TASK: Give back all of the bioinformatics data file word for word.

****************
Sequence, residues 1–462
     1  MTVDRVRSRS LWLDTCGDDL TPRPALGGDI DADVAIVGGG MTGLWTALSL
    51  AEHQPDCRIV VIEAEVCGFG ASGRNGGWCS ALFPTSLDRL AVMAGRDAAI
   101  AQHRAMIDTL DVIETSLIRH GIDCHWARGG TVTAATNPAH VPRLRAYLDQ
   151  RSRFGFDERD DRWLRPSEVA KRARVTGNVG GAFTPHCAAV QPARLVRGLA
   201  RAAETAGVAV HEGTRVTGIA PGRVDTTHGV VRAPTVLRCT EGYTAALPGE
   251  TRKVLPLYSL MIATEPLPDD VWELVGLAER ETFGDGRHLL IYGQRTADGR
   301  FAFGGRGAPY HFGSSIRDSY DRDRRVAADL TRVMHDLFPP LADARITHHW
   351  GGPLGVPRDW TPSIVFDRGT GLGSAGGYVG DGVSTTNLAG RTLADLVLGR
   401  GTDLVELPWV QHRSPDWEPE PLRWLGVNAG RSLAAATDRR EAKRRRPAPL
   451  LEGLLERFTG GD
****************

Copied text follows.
Sequence, residues 1–462
     1  MTVDRVRSRS LWLDTCGDDL TPRPALGGDI DADVAIVGGG MTGLWTALSL
    51  AEHQPDCRIV VIEAEVCGFG ASGRNGGWCS ALFPTSLDRL AVMAGRDAAI
   101  AQHRAMIDTL DVIETSLIRH GIDCHWARGG TVTAATNPAH VPRLRAYLDQ
   151  RSRFGFDERD DRWLRPSEVA KRARVTGNVG GAFTPHCAAV QPARLVRGLA
   201  RAAETAGVAV HEGTRVTGIA PGRVDTTHGV VRAPTVLRCT EGYTAALPGE
   251  TRKVLPLYSL MIATEPLPDD VWELVGLAER ETFGDGRHLL IYGQRTADGR
   301  FAFGGRGAPY HFGSSIRDSY DRDRRVAADL TRVMHDLFPP LADARITHHW
   351  GGPLGVPRDW TPSIVFDRGT GLGSAGGYVG DGVSTTNLAG RTLADLVLGR
   401  GTDLVELPWV QHRSPDWEPE PLRWLGVNAG RSLAAATDRR EAKRRRPAPL
   451  LEGLLERFTG GD